China sticks it to The Man?

The Times of London tut-tuts about China's plans for boosting workers' rights.

Published June 21, 2006 8:26PM (EDT)

Talk about your pro-corporate spin! A comprehensive reform of China's labor laws is on its way to the Chinese People's Congress. It is not yet complete, but if enacted into anything close to its current form -- and enforced -- the bill would substantially increase worker's rights in China. For starters, under the new "Labor Contract Law" workers would be harder to fire and, if laid off, would receive greater severance pay. Safety and workplace inspections would be bolstered. Employers would be forced to consult with trade unions over proposed job cuts. Overtime pay would be increased, and a shorter work week enforced.

Such a law would be great news not just for China's laborers, but for workers everywhere. It could stand as an example to other developing nations. It could signal to the developed world that the global economy is not an inevitable race to the bottom. It would be a clear sign of progress for China.

So how did the Times (of London) present the news?

The headline: "Foreign investors may quit if China tightens up labor law."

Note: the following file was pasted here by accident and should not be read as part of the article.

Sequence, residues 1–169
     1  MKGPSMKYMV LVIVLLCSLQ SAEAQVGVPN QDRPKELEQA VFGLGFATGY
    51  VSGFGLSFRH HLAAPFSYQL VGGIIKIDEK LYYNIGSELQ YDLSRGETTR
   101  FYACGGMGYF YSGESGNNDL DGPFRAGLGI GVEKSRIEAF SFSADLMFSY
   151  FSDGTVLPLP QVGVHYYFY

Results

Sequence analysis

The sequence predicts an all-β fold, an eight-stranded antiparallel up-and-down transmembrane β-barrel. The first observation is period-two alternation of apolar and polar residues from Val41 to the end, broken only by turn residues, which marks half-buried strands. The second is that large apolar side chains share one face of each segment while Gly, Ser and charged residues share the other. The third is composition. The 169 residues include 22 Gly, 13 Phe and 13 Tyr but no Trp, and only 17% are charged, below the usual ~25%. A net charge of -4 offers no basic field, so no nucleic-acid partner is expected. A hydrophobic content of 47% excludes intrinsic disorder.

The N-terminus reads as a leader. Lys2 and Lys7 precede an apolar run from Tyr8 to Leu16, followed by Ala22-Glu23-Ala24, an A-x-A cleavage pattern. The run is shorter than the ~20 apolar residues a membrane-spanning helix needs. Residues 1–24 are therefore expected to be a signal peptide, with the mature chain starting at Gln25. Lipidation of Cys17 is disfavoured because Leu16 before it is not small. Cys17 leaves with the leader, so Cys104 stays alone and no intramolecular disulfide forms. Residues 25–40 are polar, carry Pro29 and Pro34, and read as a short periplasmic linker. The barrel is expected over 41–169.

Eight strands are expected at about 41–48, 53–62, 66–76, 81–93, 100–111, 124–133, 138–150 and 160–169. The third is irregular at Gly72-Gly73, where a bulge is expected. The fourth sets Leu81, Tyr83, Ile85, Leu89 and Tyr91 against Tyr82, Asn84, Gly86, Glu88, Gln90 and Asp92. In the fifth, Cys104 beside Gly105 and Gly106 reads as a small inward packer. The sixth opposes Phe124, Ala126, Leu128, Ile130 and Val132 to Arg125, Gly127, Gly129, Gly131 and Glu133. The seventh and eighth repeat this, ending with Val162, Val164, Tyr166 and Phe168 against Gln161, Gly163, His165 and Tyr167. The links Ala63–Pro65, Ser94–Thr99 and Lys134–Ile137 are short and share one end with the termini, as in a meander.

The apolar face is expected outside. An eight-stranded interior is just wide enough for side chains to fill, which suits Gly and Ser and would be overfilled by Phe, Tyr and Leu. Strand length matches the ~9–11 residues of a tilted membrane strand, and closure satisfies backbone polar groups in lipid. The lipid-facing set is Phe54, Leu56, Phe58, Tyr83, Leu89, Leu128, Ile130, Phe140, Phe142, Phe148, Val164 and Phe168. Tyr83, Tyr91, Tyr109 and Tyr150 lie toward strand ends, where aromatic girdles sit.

The lead sentence: "A reform of Chinese labor laws may lead foreign investors to leave the People's Republic in favor of rival Asian nations with weaker labor standards, employers have said."

(A side note: the article does not actually quote any named employers. It includes one mealy-mouthed whine from the European Chamber of Commerce and another quote from a Chinese relations expert in the U.K. saying the law was "long overdue." This suggests that the top of the story may have been rewritten by some Rupert Murdoch ideologically inspired editorial flunky.)

But, but, but -- one can only splutter! This is news? Employers threatening to pack up and move if labor laws are strengthened? Here we have an absolutely critical development in the ongoing development of China -- a decision to resist the rampant exploitation of workers that, up until this point, both local governments and national leaders have implicitly supported, and the Times delivers unsourced speculation that paints the entire thing as bad for business.

It's enough to make one want to storm the barricades.

By Andrew Leonard

Andrew Leonard is a staff writer at Salon. On Twitter, @koxinga21.

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